What's the Best Soffit Material for Your Home?

An image of soffit material.

There are several materials to choose from when it comes to soffits. Here's how to pick the right soffit material for your purposes.

3 min read

So you're embarking on a soffit installation journey. But do you know what the best soffit material is for your home? Making a great decision can make a real difference in your home's curb appeal. Instead of simply choosing the first soffit material that you find, do some research and pick the best material and style for your home. Here's everything you need to know!

Steel

Steel soffit is a more expensive option, but its durability makes up for it. It's more durable than wood and even comes in a variety of colors. This makes it a perfect option for those wishing to match the soffit to their home's design or style.

Wood

Wood is another more expensive soffit option, but you pay for durability. Aside from its durability, wood soffit also offers a touch of warmth to your home with its natural elements. Do keep in mind, however, that wood soffit takes more time to install than the other materials.

Vents will need to be installed to provide better airflow, and you should plan on replacing your wood soffit from time to time as the wood might rot.

Engineered Wood

For the look and feel of wood without the maintenance, engineered wood soffit is a great choice. This type of soffit is made with strands of wood that are coated with resins and binders of industrial grade. There's also a water-resistant wax that's applied to the engineered wood keeping it more durable in humid environments.

This type of soffit resists termites and decay while available in a variety of colors.

Vinyl

Vinyl soffit is durable and affordable and works well for matching your porch's ceiling requirements. There are many different styles and textures of vinyl soffit. You can even consider customizing it to match your home how you'd like!

It's water-resistant and won't chip, crack, peel, or rot. However, do keep in mind that in humid environments, there's a chance of mold growing on the vinyl and exposure to the sun will cause the vinyl to form discoloration.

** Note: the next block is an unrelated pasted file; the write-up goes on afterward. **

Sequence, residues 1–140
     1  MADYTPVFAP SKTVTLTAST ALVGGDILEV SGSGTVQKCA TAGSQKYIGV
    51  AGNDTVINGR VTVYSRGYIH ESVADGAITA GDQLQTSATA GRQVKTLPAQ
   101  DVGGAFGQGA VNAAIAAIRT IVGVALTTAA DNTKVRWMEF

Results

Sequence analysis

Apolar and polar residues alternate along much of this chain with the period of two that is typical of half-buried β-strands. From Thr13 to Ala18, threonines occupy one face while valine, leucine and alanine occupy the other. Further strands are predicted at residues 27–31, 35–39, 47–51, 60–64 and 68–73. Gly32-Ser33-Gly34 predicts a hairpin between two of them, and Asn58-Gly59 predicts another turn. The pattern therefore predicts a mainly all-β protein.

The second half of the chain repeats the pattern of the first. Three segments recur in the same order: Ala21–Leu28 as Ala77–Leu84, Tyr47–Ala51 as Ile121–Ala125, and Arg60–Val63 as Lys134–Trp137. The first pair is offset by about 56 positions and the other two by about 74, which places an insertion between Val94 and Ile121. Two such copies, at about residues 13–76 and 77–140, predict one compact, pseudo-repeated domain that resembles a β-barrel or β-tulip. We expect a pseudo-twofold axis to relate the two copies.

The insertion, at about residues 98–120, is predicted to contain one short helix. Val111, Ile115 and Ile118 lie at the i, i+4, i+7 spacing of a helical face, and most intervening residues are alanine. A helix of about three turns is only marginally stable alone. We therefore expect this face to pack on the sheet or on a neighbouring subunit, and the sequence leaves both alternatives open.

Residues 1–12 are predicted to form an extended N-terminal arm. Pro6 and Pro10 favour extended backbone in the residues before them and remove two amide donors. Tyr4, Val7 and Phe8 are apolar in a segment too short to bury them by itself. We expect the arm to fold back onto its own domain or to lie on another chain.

Prefinished Soffit

Prefinished wood or fibre cement soffit is a great option when wanting to make your soffit last. A special coating is applied to the soffit which then expands and contracts with the substrate. This eliminates the worry of peeling, paint loss, and cracking.

The color of your soffit will last much longer when it's prefinished.

Fibre Cement

Fibre cement is one of the least popular soffit options, but it's still an option available to you. When choosing this option, you'll be able to purchase panels in different textures, vents, and colors. It's highly durable and cost-effective, making it a great option.

It's an even better option for those living in colder environments as this material won't brittle or crack when exposes to extreme cold climates.

Aluminum

Aluminum is one of the most popular soffit options. This material is durable and lightweight. Aluminum soffits are available in multiple colors and sizes and are the perfect choice for those who have irregular-shaped overhangs.

What Soffit Material Is Right For You?

After reading this guide, you should now know what soffit material is right for you and your home. Choose the right price range and material that'll transform your home the way you'd like it!

Interested in building soffit? Read our post on how to build soffit!

An image of installing soffit.

Installing Soffit: How to Choose and Install Soffit

Installing soffit can be as simple as just another weekend task that needs to be taken care of with this definitive guide.
An image of siding trends.

Siding Trends in 2020 for Residential Households

Discover siding trends for the year of 2020, and how soffit is used in this residential household for usability and design.
An image of soffit and fascia.

What's the Difference Between Soffit and Fascia?

The words soffit and fascia are often said in the same breath, but they have important differences. Click here to learn how the two differ from each other.